plugin_unpack_dir="${XDG_CACHE_HOME:-$HOME/.cache}/terraform-providers/linuxbox_v0.2.2"
plugin_binary_name="terraform-provider-linuxbox_v0.2.2"
plugin_binary_path="${plugin_unpack_dir}/${plugin_binary_name}"
plugin_binary_sha1="7232dbb6760d34e844ce731226b9eec67c5bb276"

if [[ ! -d "${plugin_unpack_dir}" ]]; then
    mkdir -p "${plugin_unpack_dir}"
fi

if [[ -f "${plugin_binary_path}" ]]; then
    current_sha=$(git hash-object "${plugin_binary_path}")
    if [[ $current_sha != "${plugin_binary_sha1}" ]]; then
        rm "${plugin_binary_path}"
    fi
fi

if [[ ! -f "${plugin_binary_path}" ]]; then
    curl -sL "${plugin_url}" | tar xzvfC - "${plugin_unpack_dir}"
    chmod 755 "${plugin_binary_path}"
fi

current_sha=$(git hash-object "${plugin_binary_path}")
if [[ $current_sha != "${plugin_binary_sha1}" ]]; then
    echo "plugin binary sha does not match ${current_sha} != ${plugin_binary_sha1}" >&2
    exit 1
fi

exec "${plugin_binary_path}" $@

What does the Provider Shim do?

Provider Shim performs the following operations:

  • Check if the binary of the provider is available in ~/.cache/terraform-providers.
  • If there is no binary available, use curl to fetch an archive of the binary from the release in GitHub.
  • When fetched, extract the binary from the archive.
  • Check the integrity of the binary against a known SHA1 of the binary. This step will detect if someone has replaced the binary of the provider in the GitHub release or on the local disk.
  • If the SHA1 matches, exec the provider giving it the same ARGs that shim has received, which will replace the bash process with the process of the provider binary.

What happens when Terraform finds the Provider Shim at the right place?

Once terraform executes the Provider Shim instead of the provider, Provider Shim will (if needed) download the binary of the provider and start the provider.

All of this is transparent for Terraform, as if the provider binary was directly executed.

The only noticeable difference is the wait time for the fetching of the provider over the network using curl. This happens only once, after that provider binary is cached on the local disk and won't be downloaded again.

Generating Provider Shims

Generating such Provider Shims manually is a repetitive task that can be easily automated. For this purpose, we have implemented a command line utility to generate such shims.

In order to generate shims for your terraform project, execute generate-terraform-provider-shim <provider path> in the directory of your root Terraform module. Required <provider path> argument is the <owner>/<project> GitHub path of the project of the provider.

By default, generate-terraform-provider-shim will find latest release of the provider and generate a shim for it in terraform.d/ directory for each arch supported by the provider.

If a specific version is required, an argument --version=<semver matcher> can be provided.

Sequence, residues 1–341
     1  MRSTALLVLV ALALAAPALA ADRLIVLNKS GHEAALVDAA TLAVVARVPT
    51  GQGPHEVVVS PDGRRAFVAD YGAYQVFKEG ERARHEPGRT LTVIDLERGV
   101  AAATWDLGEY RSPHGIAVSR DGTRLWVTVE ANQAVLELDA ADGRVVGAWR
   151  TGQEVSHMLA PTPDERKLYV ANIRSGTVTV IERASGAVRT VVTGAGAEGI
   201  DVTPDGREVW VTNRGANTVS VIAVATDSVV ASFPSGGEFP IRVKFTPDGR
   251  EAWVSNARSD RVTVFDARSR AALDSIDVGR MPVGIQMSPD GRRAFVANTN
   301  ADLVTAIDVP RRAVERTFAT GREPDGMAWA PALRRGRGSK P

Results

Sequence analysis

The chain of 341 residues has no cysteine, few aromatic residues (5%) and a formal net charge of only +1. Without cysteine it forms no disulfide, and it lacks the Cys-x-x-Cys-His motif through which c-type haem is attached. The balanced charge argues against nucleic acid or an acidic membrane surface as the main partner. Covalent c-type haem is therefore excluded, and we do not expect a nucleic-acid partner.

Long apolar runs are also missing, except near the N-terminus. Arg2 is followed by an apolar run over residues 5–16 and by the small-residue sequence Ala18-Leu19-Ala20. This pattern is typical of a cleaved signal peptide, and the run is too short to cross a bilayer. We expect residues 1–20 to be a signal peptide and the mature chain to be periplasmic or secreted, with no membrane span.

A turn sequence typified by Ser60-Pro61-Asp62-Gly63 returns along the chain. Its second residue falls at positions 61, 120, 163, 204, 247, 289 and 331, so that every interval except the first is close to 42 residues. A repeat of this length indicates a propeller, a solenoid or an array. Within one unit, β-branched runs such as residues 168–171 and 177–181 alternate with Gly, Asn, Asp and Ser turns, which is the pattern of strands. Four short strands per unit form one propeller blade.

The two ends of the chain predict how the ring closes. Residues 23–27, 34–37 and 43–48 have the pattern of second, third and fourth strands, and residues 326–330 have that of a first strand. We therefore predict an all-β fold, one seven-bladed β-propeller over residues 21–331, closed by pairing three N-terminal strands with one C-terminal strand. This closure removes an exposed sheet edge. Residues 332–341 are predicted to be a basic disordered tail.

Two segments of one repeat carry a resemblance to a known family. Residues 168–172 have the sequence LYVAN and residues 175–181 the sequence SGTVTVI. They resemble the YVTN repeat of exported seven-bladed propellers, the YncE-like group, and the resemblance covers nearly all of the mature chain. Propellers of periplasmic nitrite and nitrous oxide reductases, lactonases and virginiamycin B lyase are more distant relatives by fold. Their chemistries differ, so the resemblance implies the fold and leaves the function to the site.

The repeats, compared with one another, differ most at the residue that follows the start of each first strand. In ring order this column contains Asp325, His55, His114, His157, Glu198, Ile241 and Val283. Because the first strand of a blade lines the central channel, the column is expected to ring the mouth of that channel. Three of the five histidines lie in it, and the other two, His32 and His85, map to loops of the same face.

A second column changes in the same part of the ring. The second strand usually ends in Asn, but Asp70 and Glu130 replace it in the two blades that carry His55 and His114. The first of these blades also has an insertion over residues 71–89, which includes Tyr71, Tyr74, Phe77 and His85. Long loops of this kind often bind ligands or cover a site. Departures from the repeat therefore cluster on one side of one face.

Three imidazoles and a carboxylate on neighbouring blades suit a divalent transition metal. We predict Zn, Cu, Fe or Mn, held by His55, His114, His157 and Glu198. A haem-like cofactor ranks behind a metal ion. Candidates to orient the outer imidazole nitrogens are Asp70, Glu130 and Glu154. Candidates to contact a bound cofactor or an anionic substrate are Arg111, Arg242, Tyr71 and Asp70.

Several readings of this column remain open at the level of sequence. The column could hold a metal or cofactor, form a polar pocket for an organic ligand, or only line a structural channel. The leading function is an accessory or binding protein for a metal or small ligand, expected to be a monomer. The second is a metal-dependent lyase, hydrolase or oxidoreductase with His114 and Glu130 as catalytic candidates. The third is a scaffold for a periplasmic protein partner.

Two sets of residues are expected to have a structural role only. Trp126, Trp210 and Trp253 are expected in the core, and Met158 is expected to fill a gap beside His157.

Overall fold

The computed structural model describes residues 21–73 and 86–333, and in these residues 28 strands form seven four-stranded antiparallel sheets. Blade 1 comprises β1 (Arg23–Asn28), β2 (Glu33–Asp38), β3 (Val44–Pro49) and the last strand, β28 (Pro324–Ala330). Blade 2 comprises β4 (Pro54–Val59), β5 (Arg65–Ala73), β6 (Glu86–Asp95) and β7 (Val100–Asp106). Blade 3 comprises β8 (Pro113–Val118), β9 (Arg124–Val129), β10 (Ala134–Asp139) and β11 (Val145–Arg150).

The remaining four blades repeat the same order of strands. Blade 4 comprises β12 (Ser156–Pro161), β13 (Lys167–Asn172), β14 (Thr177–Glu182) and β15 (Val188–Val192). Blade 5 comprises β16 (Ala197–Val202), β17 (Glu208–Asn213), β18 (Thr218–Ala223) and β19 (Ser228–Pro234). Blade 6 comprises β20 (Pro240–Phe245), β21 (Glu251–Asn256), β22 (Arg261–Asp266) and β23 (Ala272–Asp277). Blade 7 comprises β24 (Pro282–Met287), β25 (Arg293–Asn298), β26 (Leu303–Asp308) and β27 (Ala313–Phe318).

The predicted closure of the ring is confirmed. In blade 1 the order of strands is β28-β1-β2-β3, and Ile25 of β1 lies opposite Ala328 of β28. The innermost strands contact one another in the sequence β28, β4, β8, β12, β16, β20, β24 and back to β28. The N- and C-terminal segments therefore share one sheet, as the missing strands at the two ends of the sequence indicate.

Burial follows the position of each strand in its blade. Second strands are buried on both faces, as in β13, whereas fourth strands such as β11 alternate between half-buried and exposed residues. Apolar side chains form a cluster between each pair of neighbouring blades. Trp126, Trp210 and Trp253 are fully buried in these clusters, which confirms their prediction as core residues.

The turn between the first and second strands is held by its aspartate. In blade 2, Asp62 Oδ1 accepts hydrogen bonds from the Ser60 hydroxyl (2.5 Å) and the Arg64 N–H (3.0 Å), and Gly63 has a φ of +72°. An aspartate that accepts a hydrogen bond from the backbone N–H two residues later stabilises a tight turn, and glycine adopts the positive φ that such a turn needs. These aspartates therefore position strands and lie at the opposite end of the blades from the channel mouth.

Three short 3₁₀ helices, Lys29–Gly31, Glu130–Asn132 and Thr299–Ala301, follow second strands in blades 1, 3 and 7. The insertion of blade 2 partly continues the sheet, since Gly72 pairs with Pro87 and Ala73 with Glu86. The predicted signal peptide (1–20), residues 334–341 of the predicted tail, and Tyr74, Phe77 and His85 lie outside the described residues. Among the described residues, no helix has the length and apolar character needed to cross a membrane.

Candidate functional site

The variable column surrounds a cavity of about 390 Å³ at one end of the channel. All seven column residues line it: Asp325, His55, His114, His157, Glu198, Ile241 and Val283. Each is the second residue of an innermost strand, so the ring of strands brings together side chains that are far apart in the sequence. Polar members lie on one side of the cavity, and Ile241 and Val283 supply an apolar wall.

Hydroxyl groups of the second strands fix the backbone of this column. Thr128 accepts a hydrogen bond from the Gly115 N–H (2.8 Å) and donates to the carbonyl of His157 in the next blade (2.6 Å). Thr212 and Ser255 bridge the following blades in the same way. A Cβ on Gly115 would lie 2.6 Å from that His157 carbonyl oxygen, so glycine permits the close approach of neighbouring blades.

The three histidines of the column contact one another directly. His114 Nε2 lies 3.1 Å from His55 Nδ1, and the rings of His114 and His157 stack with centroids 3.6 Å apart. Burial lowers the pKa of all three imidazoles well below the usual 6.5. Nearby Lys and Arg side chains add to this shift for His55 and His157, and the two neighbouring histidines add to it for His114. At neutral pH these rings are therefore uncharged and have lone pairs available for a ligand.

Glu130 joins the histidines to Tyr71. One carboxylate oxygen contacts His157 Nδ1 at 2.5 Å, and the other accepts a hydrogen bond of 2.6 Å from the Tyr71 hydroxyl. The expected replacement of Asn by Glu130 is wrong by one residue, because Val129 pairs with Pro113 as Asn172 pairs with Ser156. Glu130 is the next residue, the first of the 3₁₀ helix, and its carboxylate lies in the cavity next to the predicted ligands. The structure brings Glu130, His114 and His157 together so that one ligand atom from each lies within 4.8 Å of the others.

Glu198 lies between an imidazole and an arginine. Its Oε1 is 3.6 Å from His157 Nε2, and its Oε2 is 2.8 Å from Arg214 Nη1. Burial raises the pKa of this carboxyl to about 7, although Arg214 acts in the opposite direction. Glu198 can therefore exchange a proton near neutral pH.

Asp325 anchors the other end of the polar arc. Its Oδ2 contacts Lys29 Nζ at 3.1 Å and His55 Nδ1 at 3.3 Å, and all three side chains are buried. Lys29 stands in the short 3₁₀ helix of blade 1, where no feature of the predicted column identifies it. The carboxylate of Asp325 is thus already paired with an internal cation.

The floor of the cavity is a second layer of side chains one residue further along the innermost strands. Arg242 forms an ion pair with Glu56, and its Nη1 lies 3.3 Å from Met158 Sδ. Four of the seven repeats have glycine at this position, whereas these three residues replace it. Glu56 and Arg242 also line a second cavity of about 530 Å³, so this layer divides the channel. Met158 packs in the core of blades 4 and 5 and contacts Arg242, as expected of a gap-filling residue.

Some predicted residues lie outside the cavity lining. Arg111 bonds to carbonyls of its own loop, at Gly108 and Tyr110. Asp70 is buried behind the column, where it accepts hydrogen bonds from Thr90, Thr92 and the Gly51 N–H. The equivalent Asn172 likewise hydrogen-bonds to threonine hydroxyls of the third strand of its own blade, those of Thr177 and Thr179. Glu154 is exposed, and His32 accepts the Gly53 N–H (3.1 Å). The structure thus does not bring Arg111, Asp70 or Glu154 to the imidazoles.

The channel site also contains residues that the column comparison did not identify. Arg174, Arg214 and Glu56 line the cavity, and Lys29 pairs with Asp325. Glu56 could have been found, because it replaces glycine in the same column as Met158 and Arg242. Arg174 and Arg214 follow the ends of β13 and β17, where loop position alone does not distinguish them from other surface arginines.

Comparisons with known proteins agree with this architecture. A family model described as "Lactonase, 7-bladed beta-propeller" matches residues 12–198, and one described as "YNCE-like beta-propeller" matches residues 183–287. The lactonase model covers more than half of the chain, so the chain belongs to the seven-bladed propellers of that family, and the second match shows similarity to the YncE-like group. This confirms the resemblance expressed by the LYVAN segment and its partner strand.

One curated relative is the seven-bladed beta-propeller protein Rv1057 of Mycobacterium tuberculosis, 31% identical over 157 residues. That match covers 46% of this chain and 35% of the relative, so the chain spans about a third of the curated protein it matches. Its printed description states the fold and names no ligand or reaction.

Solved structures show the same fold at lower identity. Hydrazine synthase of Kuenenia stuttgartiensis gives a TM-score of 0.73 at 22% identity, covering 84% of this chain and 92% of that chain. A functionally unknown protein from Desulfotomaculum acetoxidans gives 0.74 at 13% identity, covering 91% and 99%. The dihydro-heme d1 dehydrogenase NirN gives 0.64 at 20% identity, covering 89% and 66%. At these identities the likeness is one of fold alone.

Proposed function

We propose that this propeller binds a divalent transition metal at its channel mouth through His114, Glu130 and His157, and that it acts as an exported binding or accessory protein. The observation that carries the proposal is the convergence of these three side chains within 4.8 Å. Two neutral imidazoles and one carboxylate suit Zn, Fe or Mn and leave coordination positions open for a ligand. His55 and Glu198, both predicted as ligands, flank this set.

Generated Provider Shim can (and should be checked in together with the Terraform code)

Since version 0.2.0, the shim generator will generate shims in proper paths for both Terraform 0.12.x and 0.13.x, making it a great tool for a smooth transition to Terraform 0.13.x.

Limitations

Like every hack, Provider Shims come with a set of limitations. We are aware of the following constraints for using Provider Shims:

Dependencies

Due to it's nature, Provider Shims have number of dependencies that have to be installed on the system in order for it to work. Fortunately, most of those dependencies are available on many Unix-like systems.

Here is the list of dependencies:

  • bash: Provider Shims are bash scripts relying on bash internal commands.
  • curl: used for fetching archives of the community provider.
  • unzip or gzip/tar: depending on the archive type used in the provider release, either unzip or tar/gzip are required.
  • git: we took an unorthodox approach to use git internal command to calculate SHA1 of the provider binary. Rational behind this: most of the time Terraform projects are stored in git repositories, hence git will be available.

Only providers with binaries attached to the GitHub releases are supported

We are relying on the developers of the provider to create releases with attached compiled binaries of the providers for different architectures. If that is not the case, a Provider Shim cannot be generated.

Only .tar.gz and .zip archives are supported

There is no standard way of packaging providers. Most of the time they are packaged in a Zip or Gzipped Tar archive - those are formats we are supporting.

Windows is not supported

We do not have access to a Windows machine and have never run terraform in a Windows environment, hence the generated shims will definitely not work under Windows.

Can't be executed in Terraform Cloud

Since VMs used in Terraform cloud are lacking numerous dependencies (most notably: curl), Provider Shims cannot be used in Remote execution mode of Terraform Cloud.

Conclusion

Provider Shims can be very useful in Terraform 0.12.x world and also can be useful for the transition period of Terraform 0.13.x until community providers start making their providers available through their own registries.